I know I’ve been neglecting you recently. As a peace offering, here’s a class assignment I did a few weeks ago, based on an interview with a researcher from my university. I hope it will tide you over.
Imagine your favorite food.
Chocolate, cheddar cheese, chicken tikka masala, whatever your weakness, picture it just out of reach, glistening enticingly.
Although this food isn’t real, your body might be responding as if it were. Perhaps your mouth is watering or maybe you’re feeling the pang of cravings. But Carey Morewedge, a psychologist at Carnegie Mellon University, says food fantasies can have an even stranger effect; he has shown that we can be satisfied by imaginary food.
When Morewedge and his collaborators, Young Eun Huh and Joachim Vosgerau, began their research into imaginary feasts, most psychologists believed that the more you thought about food, the more you craved it. The problem with this idea was that when you eat food in real life, you crave it less rather than more. Our first mouthful of a favorite dish makes us desire it more, but as we eat bite after bite, we start to lose interest. This loss of interest is called “habituation” and is part of every pleasurable experience, from food to sex to watching Gangnam Style.
So why doesn’t imagining food also make us lose interest? Morewedge and his group asked this question because when we imagine an experience, our bodies and minds often respond as if that imagined experience were real. They guessed that the reason previous studies had not observed habituation was because study participants didn’t take their imaginary experiences far enough.
“If I’m thinking about a Chipotle burrito, I’m thinking about the shape, what’s inside it, what it will taste like on the first bite, what it might smell like, or how warm it might be,” says Morewedge. “But I do not think about biting, chewing and swallowing the whole burrito.”
So the researchers asked people to think about biting, chewing and swallowing M&Ms. Each person in their study imagined performing 33 repetitive actions: either inserting 33 quarters into a laundry machine, inserting 30 quarters into the machine and then eating 3 M&Ms, or inserting 3 quarters into the machine and eating 30 M&Ms. Inserting quarters was chosen as a control for imagining an action similar to picking up candy.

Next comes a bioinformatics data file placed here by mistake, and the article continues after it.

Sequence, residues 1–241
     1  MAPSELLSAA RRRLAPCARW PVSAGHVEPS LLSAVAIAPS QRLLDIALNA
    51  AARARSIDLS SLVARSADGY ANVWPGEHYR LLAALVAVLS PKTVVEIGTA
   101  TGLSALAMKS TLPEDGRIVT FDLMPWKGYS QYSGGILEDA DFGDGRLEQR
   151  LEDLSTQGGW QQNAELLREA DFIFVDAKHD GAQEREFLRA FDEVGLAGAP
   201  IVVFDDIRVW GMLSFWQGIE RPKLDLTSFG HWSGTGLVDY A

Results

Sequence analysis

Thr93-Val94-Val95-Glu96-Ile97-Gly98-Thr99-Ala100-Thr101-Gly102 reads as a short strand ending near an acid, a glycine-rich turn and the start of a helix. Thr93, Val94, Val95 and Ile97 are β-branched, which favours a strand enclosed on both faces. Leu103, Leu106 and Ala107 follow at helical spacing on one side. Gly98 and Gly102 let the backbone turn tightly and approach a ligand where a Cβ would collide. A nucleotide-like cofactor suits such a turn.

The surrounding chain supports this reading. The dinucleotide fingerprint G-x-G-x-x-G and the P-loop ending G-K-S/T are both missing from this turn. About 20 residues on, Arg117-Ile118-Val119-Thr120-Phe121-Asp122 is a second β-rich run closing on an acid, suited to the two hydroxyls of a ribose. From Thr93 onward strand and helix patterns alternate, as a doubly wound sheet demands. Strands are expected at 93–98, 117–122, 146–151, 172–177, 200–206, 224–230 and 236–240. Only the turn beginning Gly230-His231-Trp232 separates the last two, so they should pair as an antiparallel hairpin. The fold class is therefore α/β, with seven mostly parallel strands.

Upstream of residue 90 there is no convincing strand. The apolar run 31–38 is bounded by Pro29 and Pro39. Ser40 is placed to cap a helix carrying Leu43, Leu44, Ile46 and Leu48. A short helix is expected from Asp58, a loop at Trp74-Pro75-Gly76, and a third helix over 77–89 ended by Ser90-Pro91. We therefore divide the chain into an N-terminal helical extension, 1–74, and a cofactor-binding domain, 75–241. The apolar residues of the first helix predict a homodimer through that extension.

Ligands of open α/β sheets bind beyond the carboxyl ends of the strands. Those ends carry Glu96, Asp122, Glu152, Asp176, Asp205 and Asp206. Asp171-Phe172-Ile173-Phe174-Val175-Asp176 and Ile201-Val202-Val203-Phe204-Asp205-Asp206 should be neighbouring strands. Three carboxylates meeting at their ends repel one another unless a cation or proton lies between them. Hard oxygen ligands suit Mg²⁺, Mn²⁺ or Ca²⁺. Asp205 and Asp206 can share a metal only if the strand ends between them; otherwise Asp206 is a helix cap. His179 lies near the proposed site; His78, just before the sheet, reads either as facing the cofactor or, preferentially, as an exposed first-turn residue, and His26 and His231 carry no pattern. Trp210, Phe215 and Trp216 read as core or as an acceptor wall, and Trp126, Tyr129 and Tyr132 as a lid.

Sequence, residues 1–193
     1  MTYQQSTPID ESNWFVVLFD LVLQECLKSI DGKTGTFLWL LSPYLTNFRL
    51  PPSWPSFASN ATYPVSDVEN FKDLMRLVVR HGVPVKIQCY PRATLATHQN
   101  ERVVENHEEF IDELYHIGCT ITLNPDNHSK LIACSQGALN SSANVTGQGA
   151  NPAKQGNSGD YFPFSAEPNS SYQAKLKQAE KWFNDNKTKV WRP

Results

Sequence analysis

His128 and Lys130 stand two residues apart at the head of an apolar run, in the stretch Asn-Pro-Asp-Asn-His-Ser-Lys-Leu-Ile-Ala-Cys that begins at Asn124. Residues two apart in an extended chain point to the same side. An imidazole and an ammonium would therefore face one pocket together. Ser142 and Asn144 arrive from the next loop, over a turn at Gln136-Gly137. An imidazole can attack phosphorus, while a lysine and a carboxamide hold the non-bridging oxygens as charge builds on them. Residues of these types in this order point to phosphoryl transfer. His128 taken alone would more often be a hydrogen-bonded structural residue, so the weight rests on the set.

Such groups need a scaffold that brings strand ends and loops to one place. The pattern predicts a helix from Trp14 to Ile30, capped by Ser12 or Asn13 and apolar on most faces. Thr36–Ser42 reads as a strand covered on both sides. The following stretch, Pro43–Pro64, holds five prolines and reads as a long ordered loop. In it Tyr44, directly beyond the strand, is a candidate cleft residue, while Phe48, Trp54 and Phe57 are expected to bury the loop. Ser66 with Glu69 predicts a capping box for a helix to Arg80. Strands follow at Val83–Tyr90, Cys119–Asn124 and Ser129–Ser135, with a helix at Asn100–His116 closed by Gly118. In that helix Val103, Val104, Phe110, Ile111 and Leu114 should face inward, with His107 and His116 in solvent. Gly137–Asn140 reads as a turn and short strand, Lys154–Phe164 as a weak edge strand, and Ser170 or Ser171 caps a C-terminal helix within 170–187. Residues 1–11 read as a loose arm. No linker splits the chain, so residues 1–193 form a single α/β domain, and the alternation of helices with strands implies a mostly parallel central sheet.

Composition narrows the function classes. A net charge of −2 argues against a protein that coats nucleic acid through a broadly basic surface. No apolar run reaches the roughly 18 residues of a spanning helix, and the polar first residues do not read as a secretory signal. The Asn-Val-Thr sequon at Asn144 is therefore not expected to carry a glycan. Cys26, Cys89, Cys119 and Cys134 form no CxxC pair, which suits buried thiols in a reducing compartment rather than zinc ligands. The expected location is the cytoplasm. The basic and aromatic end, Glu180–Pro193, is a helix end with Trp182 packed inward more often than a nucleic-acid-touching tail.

After their mental exertions, the participants were allowed to eat as many M&Ms as they wanted during preparation for a fictitious “taste test.” Psychologists often include these kinds of deceptive scenarios to prevent people guessing what behavior is being measured, which can influence their response.
After each experiment, Morewedge’s team weighed the M&M bowl to see how much the participant had eaten. The results showed that people who had imagined eating 30 M&Ms ate almost half as many real M&Ms as those who imagined eating only three. In effect, they had satisfied their desire for M&Ms without actually eating any.
This only worked when people pictured eating the M&Ms. When they instead imagined moving the candy into a bowl, the people who moved more imaginary M&Ms ended up eating more real M&Ms, rather than fewer. That kind of imagery only whetted their appetites.
But was this really habituation? To test this, the researchers looked for one of the hallmarks of habituation, called sensory specificity or the “dessert stomach” effect.
“We’ve all heard of this phenomenon,” says Morewedge. “When you go to a restaurant, you finish your entree and you can’t even imagine eating another bite. And then someone rolls out a cart of cheese or cakes, and all of a sudden you have a renewed interest in food.”
Just like real habituation, the imaginary M&Ms did not affect participants’ desire for other types of food, in this case, cubes of cheddar cheese. It worked the other way as well: eating more imaginary cheddar cheese meant people tended to eat fewer real cheese cubes, but it had no effect on how many M&Ms they ate.
So does this mean you can think yourself thin? Probably not. The dessert stomach effect is one reason why Morewedge doesn’t think we’ll see their results become the next diet craze. Imaginary eating habituates you to the food you have imagined, but makes other foods seem even more appealing.
Instead of using the research to come up with a diet miracle, the group is trying to apply their results to other contexts, like cigarette smoking, to see if mental habituation might be a useful tool for modifying addictive behavior.
But even if we are never able to harness the power of that imaginary chicken tikka masala for practical use, Morewedge and his colleagues have made an important theoretical advance. The line between imagination and physical experience is blurrier that we used to believe — a pleasant idea to contemplate the next time you get a hankering for something just out of your reach.